MSU collaborates with MDHHS on the Michigan Climate and Health Adaptation Program
The goal is to develop a host of rural community interventions to address the interaction between climate change, health and the built environment.
- Since 1900, annual average temperatures have increased by 2.0°F (1.1°C) in the U.S. Great Lakes region.
- Since 1900, total annual precipitation has increased by 10.8 percent in the U.S. Great Lakes Region, and is expected to continue to increase, though projections of future precipitation vary.
- The amount of precipitation falling in the heaviest one percent of storms increased by 37 percent in the Midwest and 71 percent in the Northeast from 1958 through 2012.
- From 1973 to 2010, annual average ice coverage on the Great Lakes declined by 71 percent.
Such changes threaten natural systems and infrastructure, but climate change also threatens human health through various climate-health pathways. For example, increased temperature due to climate change, combined with a poorly-designed storm sewer outflow (see image), creates an exposure pathway such as heightened levels of bacteria at a popular swimming beach, which leads to a public health threat such as increased incidence of bacterial gastroenteritis.
Climate health pathways are traceable for many, if not all, climate change drivers. That’s why the Michigan Department of Health and Human Services (MDHHS) is working with Michigan State University Extension and the MSU School of Planning, Design and Construction to develop a host of rural community interventions to address the interaction between climate change, health and the built environment. The work is a component of the MDHHS’s Michigan Climate and Health Adaptation Program (MICHAP), whose goal is to prepare for public health impacts of climate change (see Local government and climate change: key roles to mitigate threats to public health).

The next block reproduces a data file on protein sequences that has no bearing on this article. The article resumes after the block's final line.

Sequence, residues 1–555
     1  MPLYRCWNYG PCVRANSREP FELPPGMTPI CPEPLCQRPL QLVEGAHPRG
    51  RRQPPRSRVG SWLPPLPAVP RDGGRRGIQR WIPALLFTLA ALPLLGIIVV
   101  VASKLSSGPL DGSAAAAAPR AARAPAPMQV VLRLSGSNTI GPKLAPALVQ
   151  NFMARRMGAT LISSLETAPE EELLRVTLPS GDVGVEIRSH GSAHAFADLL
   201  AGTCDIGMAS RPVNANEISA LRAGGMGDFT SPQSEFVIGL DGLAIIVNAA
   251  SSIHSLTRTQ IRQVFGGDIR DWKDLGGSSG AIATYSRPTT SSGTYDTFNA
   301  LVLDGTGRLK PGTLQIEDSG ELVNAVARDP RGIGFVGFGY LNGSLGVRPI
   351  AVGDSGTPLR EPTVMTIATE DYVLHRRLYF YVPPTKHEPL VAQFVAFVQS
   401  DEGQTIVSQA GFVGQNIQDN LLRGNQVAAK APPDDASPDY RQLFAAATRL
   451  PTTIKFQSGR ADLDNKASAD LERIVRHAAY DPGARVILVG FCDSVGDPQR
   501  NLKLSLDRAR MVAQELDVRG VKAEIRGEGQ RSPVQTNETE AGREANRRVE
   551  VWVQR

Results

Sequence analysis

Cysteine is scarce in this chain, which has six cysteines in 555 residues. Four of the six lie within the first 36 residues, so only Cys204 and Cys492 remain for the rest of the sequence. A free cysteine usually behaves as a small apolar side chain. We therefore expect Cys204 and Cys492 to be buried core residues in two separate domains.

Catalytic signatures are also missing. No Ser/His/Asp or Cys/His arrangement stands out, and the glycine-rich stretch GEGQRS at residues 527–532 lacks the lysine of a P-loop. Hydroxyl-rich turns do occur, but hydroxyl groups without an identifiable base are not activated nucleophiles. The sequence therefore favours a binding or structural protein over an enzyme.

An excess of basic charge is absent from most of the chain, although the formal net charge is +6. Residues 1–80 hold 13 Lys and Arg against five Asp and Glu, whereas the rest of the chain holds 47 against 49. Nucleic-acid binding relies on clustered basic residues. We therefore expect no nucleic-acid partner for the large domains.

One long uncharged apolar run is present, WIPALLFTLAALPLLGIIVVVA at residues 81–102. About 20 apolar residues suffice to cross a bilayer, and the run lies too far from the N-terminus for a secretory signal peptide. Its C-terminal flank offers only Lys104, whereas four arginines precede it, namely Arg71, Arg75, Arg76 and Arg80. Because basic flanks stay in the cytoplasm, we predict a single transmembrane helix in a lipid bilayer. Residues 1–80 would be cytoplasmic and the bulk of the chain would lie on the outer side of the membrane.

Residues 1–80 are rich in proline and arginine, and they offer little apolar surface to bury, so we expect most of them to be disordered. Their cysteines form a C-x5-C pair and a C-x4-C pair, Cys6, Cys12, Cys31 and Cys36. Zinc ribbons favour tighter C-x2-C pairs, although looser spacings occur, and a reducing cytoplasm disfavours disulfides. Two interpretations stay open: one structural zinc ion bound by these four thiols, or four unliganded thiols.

With grant funding from the Centers for Disease Control, MDHHS and MSU are working on a pilot project that builds upon previous climate adaptation work by municipalities and organizations in Marquette County. Through the project, the MICHAP team is building community capacity to implement interventions that will reduce the health impacts resulting from a changing climate.
The MICHAP team, guided by the Marquette County Climate Adaptation Task Force and the Marquette County Health Department, worked last year to collect input from a diverse set of Marquette County stakeholders through nearly 20 meetings. Climate-driven events in the area have impacted health and quality of life, particularly for vulnerable groups, such as the socially isolated, the elderly and those living in poverty. These events include flooding, water shortage, wildfires, extreme cold and other extreme weather events.
One unique aspect of the project is the development of built environment design and infrastructure solutions that address climate impacts on community health. The next public workshop for the MICHAP project is scheduled for March 26 from 4-6 p.m. at the Citizens Forum at Lakeview Arena in Marquette. Community members and local officials are invited to review draft physical designs and health interventions and provide feedback on applicability of the concepts in the community. With further feedback from community members and local officials, the MICHAP team will next be developing a Climate and Health Adaptation Guidebook to help advise implementation of the various climate-health interventions.
Individuals with questions about the project should contact Brad Neumann, AICP, Senior Extension Educator with MSU at firstname.lastname@example.org or 906-475-5731.